Spending and taxes
About fifty percent of all general fund spending in California goes toward education.
In CA, between 2000-2001 and 2010-2011, 14,000 teaching positions were lost, but 4,000 administrators and Pupil Services workers (nurses, counselors, librarians, etc.) were added. Also, 14,000 classified workers (classroom aides, cafeteria workers, bus drivers, etc.) were added. See the numbers here.
Over the past four decades, per pupil spending in California has doubled. In dollar terms, Californians are spending $27 billion more today on K-12 education than they did in 1974 – and that is after controlling for both enrollment growth and inflation.
Teacher's unions constantly clamor for tax hikes. In November 2012 they successfully campaigned for Prop. 30, which raised income tax for some and sales tax for all. According to Richard Rider:
Los Angeles Unified School District claims it spends about $10,000 per student. In reality, it is really closer to $25,000 per student. http://www.cato.org/pubs/pas/pa662.pdf
Nationwide, charter schools spend on average $8,864 per pupil versus $12,373 per pupil in conventional public schools. Read the study here.
Teachers and Students
Because of an archaic tenure system, it can cost hundreds of thousands of dollars to try to rid a school system of one incompetent or criminal teacher? http://www.laweekly.com/2010-02-11/news/lausd-s-dance-of-the-lemons/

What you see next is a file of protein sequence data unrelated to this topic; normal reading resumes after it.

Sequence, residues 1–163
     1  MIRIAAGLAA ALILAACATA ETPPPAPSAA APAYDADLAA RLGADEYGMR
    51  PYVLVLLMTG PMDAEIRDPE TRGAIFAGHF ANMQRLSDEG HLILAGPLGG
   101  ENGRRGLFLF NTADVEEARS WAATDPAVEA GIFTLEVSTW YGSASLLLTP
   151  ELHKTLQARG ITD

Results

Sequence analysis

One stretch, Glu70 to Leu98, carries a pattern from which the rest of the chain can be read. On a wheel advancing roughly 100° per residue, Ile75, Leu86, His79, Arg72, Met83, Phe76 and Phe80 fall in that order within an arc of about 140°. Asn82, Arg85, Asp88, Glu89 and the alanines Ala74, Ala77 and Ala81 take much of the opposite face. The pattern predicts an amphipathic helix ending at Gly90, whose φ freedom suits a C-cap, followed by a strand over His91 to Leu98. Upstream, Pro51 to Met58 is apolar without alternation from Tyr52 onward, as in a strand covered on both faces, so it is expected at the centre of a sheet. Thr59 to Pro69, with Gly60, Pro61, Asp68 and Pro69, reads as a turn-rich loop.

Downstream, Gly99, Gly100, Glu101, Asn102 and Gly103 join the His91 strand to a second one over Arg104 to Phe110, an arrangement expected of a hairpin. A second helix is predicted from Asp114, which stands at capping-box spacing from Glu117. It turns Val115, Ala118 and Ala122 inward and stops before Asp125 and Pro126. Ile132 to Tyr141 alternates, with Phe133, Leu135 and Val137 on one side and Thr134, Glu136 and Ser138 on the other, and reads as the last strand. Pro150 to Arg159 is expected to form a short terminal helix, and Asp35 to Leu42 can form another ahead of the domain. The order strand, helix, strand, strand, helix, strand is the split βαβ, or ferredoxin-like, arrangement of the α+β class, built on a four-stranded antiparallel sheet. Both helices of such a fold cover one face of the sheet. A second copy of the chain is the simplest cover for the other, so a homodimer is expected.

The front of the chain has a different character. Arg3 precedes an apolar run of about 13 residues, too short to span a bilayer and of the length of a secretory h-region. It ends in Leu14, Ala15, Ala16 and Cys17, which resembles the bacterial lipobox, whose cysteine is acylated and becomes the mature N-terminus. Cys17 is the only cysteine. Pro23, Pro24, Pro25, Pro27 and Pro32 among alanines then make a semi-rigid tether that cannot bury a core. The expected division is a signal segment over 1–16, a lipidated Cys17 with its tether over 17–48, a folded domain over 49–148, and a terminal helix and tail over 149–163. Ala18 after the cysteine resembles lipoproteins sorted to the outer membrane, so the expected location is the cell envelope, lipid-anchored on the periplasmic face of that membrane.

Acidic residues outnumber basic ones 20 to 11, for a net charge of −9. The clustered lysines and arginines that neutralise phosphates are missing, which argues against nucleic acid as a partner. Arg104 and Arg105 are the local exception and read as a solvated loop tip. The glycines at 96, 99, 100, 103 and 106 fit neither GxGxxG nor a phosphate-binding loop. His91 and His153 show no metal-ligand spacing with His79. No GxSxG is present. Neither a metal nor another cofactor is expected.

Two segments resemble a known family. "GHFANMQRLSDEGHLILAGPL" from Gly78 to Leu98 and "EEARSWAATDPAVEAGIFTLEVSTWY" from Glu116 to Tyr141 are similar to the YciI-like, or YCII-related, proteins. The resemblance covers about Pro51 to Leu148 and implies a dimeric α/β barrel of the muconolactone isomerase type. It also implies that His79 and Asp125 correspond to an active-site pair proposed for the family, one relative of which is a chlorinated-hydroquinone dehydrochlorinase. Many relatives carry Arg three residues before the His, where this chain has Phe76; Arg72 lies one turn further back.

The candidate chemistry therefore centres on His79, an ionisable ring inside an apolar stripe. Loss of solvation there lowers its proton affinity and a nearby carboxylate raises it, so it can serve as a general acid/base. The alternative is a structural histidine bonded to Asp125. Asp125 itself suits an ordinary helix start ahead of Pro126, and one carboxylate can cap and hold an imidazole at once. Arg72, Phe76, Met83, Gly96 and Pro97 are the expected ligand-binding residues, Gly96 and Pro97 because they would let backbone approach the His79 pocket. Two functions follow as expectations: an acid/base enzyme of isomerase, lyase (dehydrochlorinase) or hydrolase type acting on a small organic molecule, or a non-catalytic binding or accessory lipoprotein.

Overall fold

The average teacher’s annual salary in CA is $69,324, fourth highest in the country. http://www.teacherportal.com/teacher-salaries-by-state/ (That amount does not include the teacher’s health plan and a state pension plan.)
Nationwide, CA 4th grade students rank 47th in both math and reading. http://nces.ed.gov/nationsreportcard/statecomparisons/
Teachers in CA do not pay into the Social Security System, but they do pay into the state teacher retirement system. They pay 8 percent of each paycheck. But since the taxpayer pays the teachers, it is the taxpayer who pays this portion of the teacher’s pension. The “employer” then contributes another 8.25 percent. The employer of course is the school district which receives its funding from the taxpayer. The state (again the taxpayers) kicks in another 5.5 percent. http://calpensions.com/category/calstrs/ So it is the taxpayer who is paying for the whole thing. The taxpayer will pay one more time because the system is unsustainable unless the stock market doubles about every 9 years.
Teachers can pad their pay by taking useless “professional development” classes that can “earn” them an extra million dollars in their careers and retirement? http://www.city-journal.org/2011/cjc0923ls.html
When teachers in CA retire, they can cash in any sick time they have not used. (Teachers typically get about ten sick days per year.) This means that if a teacher works for 30 years and retires with 180 unused sick days, they are credited with having taught 31 years. (180 days equals one full school year.) http://www.calstrs.com/calculators/retbencalc.aspx
Thirty percent of freshmen entering the University of California need remediation. Sixty percent of Cal State students need remediation and 90 percent of students entering the state’s community colleges need remediation. http://www.pacificresearch.org/fileadmin/documents/Studies/